For the spirit of democracy to survive and thrive in the region, he argues, a free press, a shared commitment to democratic give and take, and greater respect for one's political adversaries and for the rule of law must also take hold. Unfortunately, these institutions are still weak in much of Latin America, according to Sabino.
"The entire region is now under the constant pressure of groups, leaders and parties that, in effect, use democratic freedoms unscrupulously to impose their points of view on all citizens," Sabino writes. "The temptation of corruption and, above all, the impossibility of creating wealth through nationalistic and socialistic policies will make it difficult for these new authoritarian regimes to consolidate their power in Latin America. But the conclusion for now is unfortunately negative: our citizens seem to be intent on retaking the paths of the economic policies and forms of leadership that have led them to so much misery in the past."
See "The Fragility of Democracy," by Carlos Sabino (1/3/06)
"La Fragilidad de la Democracia"
Also see "No Left Turn," by Alvaro Vargas Llosa (NEW YORK TIMES, 12/27/05)
"No Girar a la Izquierda"
LIBERTY FOR LATIN AMERICA: How to Undo Five-Hundred Years of State Oppression, by Alvaro Vargas Llosa
Center on Global Prosperity (Alvaro Vargas Llosa, director)
El Independent: El Blog del Centro Para la Prosperidad Global de The Independent Institute
The heated national debate over immigration has serious consequences for both Americans and foreigners: Will the shortage of agricultural workers drive up the prices of farm products? What changes in U.S. immigration policy would most help lower prices, improve productivity, and increase real wages? Which changes would make matters worse?
These are some of the questions that journalist Peter Laufer and economist Benjamin Powell discussed at the Sept. 21 Independent Policy Forum, "Immigration Wars: Open or Closed Borders for America?" A transcript of this event is now available at http://www.independent.org/events/transcript.asp?eventID=110
Laufer, a former NBC television news correspondent and talk-radio host, began by reading two excerpts from his new book, WETBACK NATION: The Case for Opening the Mexican-American Border. The first selection explored the role of borders, broadly construed, in everyday life. The second discussed the frustrations of Americans who live in areas where illegal aliens frequently cross the U.S.-Mexican border and who are dissatisfied with current policies and their enforcement.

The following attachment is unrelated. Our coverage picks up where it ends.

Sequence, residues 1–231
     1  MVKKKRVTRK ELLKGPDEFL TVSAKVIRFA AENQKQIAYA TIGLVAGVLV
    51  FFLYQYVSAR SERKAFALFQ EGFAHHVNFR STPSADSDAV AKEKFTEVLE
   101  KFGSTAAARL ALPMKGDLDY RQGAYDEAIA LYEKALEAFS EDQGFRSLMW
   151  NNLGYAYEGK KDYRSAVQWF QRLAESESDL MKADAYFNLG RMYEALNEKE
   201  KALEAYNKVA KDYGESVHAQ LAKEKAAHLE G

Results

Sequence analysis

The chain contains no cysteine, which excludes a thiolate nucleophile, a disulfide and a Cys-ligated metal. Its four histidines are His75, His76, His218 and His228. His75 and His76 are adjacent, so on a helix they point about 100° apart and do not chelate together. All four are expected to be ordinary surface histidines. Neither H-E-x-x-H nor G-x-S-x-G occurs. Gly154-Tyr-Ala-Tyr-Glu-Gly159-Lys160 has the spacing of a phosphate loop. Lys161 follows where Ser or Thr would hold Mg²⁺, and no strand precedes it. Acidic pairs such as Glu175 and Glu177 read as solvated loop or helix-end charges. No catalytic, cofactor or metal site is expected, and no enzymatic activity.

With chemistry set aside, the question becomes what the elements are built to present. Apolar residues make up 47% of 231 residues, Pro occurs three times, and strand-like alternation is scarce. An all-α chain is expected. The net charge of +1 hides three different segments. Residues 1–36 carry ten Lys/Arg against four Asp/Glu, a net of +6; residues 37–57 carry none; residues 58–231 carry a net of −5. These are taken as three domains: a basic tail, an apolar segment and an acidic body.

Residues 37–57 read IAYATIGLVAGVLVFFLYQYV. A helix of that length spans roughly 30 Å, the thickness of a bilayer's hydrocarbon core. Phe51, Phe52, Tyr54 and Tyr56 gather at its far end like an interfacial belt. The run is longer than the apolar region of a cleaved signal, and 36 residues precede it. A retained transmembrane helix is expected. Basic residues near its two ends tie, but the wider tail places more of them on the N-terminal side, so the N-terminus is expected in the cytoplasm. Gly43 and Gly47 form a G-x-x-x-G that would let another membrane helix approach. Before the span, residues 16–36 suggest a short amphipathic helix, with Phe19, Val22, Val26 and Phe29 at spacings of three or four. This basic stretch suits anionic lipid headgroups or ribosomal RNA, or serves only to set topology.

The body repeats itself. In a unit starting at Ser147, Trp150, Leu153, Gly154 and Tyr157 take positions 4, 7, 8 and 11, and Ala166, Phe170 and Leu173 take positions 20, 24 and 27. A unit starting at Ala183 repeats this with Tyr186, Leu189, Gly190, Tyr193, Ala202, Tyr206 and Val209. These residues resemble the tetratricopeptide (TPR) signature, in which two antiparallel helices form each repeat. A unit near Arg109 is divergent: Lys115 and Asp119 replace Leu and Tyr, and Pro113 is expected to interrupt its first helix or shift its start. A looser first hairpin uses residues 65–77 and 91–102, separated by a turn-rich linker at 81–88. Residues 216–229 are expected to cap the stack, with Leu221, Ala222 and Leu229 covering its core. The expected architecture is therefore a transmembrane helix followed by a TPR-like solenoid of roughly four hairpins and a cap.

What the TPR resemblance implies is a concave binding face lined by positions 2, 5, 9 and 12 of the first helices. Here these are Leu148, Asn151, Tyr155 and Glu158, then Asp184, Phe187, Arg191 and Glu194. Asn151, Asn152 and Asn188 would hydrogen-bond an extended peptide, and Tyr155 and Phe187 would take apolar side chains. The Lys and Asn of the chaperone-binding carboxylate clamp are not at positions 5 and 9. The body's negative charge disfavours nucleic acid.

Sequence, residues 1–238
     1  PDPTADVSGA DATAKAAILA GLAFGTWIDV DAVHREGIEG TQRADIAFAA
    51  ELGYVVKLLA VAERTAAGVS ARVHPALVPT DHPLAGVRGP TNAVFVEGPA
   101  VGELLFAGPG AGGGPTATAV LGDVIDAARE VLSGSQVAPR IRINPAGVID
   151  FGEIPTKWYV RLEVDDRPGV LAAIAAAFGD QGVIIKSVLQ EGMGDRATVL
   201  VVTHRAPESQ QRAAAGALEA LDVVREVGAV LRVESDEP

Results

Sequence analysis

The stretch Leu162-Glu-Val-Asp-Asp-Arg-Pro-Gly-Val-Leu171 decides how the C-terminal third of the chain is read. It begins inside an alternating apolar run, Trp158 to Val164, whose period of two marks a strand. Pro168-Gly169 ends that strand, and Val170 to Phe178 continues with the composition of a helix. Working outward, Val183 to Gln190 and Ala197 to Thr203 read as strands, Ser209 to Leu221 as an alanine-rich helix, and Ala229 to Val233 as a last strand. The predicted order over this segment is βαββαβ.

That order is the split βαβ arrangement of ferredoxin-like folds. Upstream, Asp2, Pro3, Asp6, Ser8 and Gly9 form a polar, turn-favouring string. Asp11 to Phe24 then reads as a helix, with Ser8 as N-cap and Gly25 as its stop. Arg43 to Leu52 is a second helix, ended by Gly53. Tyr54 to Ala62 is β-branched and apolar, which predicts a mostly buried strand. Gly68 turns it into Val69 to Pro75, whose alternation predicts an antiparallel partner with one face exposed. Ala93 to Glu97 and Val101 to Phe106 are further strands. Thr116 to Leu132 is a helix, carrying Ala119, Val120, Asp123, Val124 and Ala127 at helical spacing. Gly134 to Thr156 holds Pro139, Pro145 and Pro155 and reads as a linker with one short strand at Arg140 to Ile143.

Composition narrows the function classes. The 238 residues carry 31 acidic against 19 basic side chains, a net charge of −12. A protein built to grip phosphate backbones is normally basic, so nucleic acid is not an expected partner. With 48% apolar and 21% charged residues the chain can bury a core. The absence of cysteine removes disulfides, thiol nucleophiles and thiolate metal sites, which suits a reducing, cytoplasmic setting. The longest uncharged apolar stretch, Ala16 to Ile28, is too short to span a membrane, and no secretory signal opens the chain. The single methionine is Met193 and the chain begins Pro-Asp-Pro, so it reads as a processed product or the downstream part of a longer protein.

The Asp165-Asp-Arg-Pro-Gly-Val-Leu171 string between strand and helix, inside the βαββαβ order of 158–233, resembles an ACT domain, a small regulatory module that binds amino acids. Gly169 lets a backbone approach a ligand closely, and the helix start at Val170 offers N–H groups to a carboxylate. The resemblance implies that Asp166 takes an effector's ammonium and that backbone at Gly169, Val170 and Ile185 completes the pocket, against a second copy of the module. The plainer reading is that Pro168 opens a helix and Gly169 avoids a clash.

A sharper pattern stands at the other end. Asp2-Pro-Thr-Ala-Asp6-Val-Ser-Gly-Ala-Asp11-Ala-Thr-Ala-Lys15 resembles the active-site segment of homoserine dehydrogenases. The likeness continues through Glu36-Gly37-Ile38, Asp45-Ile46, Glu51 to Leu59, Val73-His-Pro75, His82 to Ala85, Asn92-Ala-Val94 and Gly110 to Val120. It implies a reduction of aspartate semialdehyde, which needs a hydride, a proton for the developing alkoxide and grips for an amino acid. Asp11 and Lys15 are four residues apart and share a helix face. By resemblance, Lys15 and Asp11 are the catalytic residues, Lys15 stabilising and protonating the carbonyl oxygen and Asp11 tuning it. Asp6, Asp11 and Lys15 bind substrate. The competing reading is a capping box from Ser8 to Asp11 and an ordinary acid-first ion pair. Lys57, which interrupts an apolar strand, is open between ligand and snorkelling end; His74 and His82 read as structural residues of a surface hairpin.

As Laufer noted, these frustrations led President Bush to propose increasing the number of work visas, but the Bush plan also ties them to one employer and limits their duration to three years, renewable only once. Laufer criticized this proposal, arguing that it leaves too much discretion to employers and doesn't encourage immigrant employees to "buy into" the American system because it allows them to work in the United States for six years at most.
Benjamin Powell, who directs the Independent Institute's Center on Entrepreneurial Innovation, then discussed the economics of immigration. He noted, for example, that immigrants to the United States tend to pay their own way over the course of their lifetime, rather than on net being subsidized by U.S. taxpayers.
He also argued that policies that consistently enforced private-property rights and freedom of association would reduce most of the complaints about undocumented immigrants. First, American property owners near the Mexican border would no longer be troubled by trespassing and littering; immigrants would use normal transportation channels. Second, employers and others would be able to hire or invite to visit whomever they wanted.
"In the end, I honestly think the only humane, moral and efficient solution is one that involves the free passages of all people of all races and all places of origin in any quantity so long as they are free from demonstrated criminal intent or terrorist activity," Powell concluded.
See "Immigration Wars: Open or Closed Borders for America?" featuring Peter Laufer and Benjamin Powell (9/21/05)
More on immigration:
Center on Entrepreneurial Innovation (Benjamin Powell, director)